Thursday, 10 February 2011

This Vote Won't Count

Today was the Parliamentary debate and decision on prisoners' right to vote and as expected there was a significant victory to maintain the ban (234 to 22 - a majority of 212) in defiance of a ruling by the European Court of Human Rights.

But will it matter? No not really. Firstly the House of Commons' vote is not binding. Although it will undoubtedly exert some political pressure on ministers to go against the ECHR's decision, ultimately the vote does not change our international obligations to honour the European court’s judgments.

Instead matters have become somewhat complicated. It’s now not clear how the government will be able to satisfy both the ECHR and Parliament - who must approve any change in the law. A fight between Europe and Parliament? Well on experience we all know which way that will eventually go, as Attorney General Dominic Grieve has indeed hinted:
...he anticipated “a drawn-out dialogue between ourselves and the court” over the issue.

In other words how can we amend or implement a European law / ruling that will be able to get rammed through Parliament against the electorate's wishes. We've been here before.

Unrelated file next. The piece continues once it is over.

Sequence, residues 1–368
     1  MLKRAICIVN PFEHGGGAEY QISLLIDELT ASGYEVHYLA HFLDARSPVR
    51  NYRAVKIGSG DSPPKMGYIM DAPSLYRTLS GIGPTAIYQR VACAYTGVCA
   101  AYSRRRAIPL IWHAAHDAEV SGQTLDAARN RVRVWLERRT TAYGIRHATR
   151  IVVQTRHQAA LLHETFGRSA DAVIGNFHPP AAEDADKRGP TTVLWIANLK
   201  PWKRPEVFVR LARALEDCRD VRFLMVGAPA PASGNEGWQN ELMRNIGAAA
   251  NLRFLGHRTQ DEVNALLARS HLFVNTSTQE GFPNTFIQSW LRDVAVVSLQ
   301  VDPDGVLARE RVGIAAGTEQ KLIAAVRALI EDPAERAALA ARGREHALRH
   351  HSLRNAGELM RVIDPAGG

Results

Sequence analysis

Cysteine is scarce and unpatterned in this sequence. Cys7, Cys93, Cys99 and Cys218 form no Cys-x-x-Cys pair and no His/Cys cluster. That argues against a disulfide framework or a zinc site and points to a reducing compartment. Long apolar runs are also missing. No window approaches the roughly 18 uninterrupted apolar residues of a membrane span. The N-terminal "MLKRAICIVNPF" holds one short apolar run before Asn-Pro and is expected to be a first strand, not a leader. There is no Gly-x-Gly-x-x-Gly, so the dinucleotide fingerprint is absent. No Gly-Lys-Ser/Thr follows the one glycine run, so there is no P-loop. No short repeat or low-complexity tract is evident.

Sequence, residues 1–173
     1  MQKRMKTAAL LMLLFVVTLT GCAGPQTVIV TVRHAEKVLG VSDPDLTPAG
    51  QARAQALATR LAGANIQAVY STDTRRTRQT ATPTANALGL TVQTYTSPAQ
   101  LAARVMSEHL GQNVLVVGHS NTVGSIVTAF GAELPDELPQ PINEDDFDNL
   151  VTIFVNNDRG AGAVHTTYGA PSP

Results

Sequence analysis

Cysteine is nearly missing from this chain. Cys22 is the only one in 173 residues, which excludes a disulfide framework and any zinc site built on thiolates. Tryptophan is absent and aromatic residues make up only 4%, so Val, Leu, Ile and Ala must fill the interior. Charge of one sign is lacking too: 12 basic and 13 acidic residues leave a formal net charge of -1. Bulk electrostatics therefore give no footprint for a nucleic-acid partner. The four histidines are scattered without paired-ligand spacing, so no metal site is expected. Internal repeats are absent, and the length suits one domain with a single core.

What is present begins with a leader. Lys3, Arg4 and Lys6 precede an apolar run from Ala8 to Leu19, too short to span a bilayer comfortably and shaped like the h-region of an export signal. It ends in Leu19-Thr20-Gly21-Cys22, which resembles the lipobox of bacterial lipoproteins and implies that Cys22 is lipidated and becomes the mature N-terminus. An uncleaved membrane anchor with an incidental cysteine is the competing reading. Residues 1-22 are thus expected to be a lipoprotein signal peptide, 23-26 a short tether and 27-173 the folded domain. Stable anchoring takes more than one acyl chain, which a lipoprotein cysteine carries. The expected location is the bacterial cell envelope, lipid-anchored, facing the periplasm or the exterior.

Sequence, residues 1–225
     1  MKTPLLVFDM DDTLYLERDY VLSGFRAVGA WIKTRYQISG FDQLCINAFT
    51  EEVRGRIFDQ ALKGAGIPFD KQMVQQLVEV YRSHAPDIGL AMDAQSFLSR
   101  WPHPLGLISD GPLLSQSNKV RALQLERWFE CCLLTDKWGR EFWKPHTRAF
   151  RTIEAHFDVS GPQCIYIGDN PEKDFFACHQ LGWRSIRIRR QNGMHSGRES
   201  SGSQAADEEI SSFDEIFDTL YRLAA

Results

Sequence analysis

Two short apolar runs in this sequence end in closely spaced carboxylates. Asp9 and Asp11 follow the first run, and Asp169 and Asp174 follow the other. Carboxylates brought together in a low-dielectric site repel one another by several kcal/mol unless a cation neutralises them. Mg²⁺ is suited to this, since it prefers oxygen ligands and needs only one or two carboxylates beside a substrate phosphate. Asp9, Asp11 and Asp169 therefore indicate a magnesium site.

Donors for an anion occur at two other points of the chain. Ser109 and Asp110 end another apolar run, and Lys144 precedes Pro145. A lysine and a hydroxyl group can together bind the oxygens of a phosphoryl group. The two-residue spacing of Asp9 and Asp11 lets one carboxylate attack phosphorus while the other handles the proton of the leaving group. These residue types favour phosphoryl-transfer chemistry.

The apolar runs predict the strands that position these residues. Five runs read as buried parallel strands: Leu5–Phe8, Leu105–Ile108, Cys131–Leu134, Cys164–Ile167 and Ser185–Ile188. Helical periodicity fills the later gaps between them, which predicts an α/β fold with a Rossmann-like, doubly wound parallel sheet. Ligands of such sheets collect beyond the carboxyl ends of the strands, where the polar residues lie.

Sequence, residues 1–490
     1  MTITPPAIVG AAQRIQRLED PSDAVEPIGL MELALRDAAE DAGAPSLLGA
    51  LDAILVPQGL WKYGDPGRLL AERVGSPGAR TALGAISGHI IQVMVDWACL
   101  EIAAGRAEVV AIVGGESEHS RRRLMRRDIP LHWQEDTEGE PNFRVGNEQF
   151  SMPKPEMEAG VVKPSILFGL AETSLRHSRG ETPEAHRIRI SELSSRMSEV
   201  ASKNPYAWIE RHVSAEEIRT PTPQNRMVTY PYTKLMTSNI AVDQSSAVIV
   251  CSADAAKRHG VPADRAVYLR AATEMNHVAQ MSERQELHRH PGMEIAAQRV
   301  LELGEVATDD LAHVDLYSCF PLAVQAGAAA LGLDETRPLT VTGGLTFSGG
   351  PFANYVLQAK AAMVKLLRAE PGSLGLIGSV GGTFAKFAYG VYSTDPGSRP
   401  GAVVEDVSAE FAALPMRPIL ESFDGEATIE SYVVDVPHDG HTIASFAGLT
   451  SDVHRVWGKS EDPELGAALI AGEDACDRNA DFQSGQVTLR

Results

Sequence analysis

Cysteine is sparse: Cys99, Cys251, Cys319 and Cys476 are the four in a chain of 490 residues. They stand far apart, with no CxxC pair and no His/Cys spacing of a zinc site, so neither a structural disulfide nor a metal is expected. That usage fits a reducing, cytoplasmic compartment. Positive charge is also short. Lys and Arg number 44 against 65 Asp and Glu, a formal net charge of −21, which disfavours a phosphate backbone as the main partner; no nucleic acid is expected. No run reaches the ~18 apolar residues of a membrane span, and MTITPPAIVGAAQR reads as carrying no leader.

And today's scenes in Parliament give an illustration. On a debate that was supposedly reasserting Parliament's authority, the green benches were empty; far fewer than half bothered to vote - 394 out of 650 MPs were absent. Of those that took part in the debate, there was plenty of passion, and references to voters' anger and indignant claims of "laws should be made in this place". Well, where have they been since May? Especially when this coalition Government has passed more laws over to the EU faster than you can say Cameron is a liar. Indeed only 12 voted against approval of the Lisbon Treaty.

Despite all the talk in Parliament, and Cameron's carefully worded PR dog whistle sound bite that it made him; “physically ill to contemplate giving the vote to prisoners”, Parliament or this Government has no intention of repatriating powers back to the UK. As Mary Ellen Synon argues:

All I can say to the Commons over this votes for prisoners dispute is: just shut up and pull the trigger and get out of the Council of Europe. Or admit you are too timid to pull the trigger, so shut up anyway and submit in the manner that suits men who are cowards.
Exactly, if we really wanted to stand up against Europe (EU or otherwise) we would threaten, or take, the nuclear option. Otherwise, the mantra; "we're fighting for Britain's interests by standing up against Europe" is what it's always been;

bollocks...on stilts.

Update: Witterings From Witney has the latest that Cameron plans to overrule Parliament's / our wishes. It's oh oh so so predictable.


  1. Hear, hear. Our MPs are beyond contempt. Not only are the cowards they are traitors.

  2. @jic, they are traitors, and ones that will have a Ceauşescu moment when the time comes.